Scotland’s most-capped sevens player Scott Riddell has announced he will call time on his professional rugby career this weekend.
The 33-year-old will hang up his boots following the final leg of the 2018-19 HSBC World Rugby Sevens Series in Paris, bringing to an end a decade-long career. Riddell will now switch to a full-time position as Scottish Rugby coach development officer for the Caledonia Midlands region, a role he has undertaken on a part-time basis since last July.
The Edinburgh-born hooker has become a linchpin of the national sevens squad since making his debut in San Diego in 2009. This weekend’s tournament will mark his 74th appearance on the World Rugby Sevens Series, 25 clear of Colin Gregor in the Scotland all-time charts.
Riddell’s ten-year career with the international set-up has seen the squad go from strength-to-strength, in a decade where he has played at three Sevens Rugby World Cups in 2009, 2013 and 2017. He will forever be linked with Scotland’s historic comeback win over South Africa in the final of the 2016 London Sevens, helping his side to their first ever cup victory on the world circuit on his 50th appearance for his country.
Twelve months on, Riddell wrote his name into the history books, becoming a member of the first-ever Scotland squad to beat a New Zealand team in any form of the game in the quarter-final, on the way to retaining their Twickenham title. Riddell scored the winning try in the final to claim a 12-7 victory over England.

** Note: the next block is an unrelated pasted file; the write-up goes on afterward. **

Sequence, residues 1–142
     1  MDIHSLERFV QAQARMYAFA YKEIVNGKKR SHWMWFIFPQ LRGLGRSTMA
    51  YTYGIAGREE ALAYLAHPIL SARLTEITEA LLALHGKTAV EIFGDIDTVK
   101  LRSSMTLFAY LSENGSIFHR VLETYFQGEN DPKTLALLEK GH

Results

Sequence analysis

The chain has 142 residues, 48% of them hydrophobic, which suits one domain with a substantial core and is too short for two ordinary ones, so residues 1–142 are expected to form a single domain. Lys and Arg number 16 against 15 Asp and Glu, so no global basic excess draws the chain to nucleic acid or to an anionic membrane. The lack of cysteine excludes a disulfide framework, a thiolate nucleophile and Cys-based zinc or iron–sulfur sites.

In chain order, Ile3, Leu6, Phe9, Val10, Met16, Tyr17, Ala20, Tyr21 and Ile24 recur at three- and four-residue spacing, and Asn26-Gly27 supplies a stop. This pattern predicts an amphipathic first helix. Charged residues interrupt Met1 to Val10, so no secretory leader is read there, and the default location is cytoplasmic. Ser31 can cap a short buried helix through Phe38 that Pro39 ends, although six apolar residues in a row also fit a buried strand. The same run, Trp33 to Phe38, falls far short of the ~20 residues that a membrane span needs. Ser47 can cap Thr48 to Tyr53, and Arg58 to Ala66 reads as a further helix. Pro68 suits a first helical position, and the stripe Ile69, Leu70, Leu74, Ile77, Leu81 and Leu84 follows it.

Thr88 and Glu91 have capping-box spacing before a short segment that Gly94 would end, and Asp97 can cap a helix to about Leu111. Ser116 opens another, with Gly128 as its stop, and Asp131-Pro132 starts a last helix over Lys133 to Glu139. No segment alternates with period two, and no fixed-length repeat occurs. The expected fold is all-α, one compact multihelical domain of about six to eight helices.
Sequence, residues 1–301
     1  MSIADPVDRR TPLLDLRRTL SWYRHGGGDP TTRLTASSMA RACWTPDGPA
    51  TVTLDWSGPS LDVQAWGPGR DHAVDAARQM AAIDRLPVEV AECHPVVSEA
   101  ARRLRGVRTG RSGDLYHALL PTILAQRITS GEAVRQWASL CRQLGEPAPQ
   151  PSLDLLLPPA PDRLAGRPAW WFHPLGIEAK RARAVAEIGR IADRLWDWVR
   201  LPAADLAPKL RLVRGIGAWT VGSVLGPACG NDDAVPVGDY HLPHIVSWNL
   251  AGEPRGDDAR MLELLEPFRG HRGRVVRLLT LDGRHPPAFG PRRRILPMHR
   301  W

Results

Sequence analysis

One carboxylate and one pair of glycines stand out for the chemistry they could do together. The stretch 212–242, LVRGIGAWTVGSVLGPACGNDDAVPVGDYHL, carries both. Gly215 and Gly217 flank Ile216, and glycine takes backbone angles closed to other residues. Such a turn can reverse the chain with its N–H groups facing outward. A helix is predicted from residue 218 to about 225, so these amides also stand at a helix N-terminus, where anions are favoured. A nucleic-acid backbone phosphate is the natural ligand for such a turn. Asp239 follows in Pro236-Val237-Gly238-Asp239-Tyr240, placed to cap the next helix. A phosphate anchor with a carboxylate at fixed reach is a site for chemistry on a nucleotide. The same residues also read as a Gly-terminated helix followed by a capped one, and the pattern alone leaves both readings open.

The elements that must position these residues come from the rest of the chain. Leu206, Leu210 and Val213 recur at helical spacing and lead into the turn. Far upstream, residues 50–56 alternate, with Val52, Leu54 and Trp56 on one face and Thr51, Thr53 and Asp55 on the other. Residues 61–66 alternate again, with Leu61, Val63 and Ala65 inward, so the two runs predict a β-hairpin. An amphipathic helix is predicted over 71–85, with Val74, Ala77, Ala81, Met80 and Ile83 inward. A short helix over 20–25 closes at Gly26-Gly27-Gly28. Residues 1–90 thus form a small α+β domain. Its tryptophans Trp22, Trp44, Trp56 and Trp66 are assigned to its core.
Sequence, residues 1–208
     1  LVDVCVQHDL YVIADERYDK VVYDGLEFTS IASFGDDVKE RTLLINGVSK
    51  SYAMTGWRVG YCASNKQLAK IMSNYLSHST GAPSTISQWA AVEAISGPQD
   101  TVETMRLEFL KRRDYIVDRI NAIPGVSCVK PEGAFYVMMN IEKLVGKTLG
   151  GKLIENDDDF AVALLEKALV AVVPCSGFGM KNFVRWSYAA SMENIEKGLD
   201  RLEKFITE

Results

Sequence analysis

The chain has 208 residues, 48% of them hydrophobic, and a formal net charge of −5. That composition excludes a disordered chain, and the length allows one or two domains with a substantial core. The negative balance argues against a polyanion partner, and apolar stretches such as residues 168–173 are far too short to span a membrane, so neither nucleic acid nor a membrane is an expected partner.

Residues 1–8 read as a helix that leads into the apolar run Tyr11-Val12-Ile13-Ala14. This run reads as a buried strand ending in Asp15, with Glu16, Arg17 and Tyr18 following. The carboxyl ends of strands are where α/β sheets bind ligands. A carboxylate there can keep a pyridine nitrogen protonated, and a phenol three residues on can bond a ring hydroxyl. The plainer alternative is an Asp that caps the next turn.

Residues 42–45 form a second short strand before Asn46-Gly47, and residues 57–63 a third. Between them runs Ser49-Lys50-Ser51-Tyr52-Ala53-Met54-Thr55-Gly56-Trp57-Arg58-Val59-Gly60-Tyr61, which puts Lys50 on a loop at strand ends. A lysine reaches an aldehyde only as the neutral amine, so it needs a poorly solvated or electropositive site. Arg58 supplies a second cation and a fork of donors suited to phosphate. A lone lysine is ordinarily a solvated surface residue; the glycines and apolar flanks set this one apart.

He also competed at three consecutive Commonwealth Games, making his debut at Delhi 2010. Riddell was then one of the 12 players selected to represent Scotland at their first home Commonwealth Games in 28 years, running out at Ibrox as part of the Glasgow 2014 squad. Four years later he led his country at Gold Coast 2018 after being named as captain by John Dalziel.
“It’s been some ten years,” said Riddell. “If you’d said to me when I first started that I’d play for Scotland for a decade, I wouldn’t have believed you. We’ve had a few good times and a few tough times but looking back on it all it’s been an amazing experience.
“There are so many special memories, from Hong Kong to playing in front of 45,000 incredibly loud fans at Ibrox at Glasgow 2014.
“To win our first ever cup in the manner we did in London and back that up the following year with a really talented and experienced group was outstanding.
“It’ll take a wee while for retirement to sink in but I have been so lucky to play for Scotland for as long as I have and I’ll walk off the pitch in Paris knowing I’ve given everything I can.”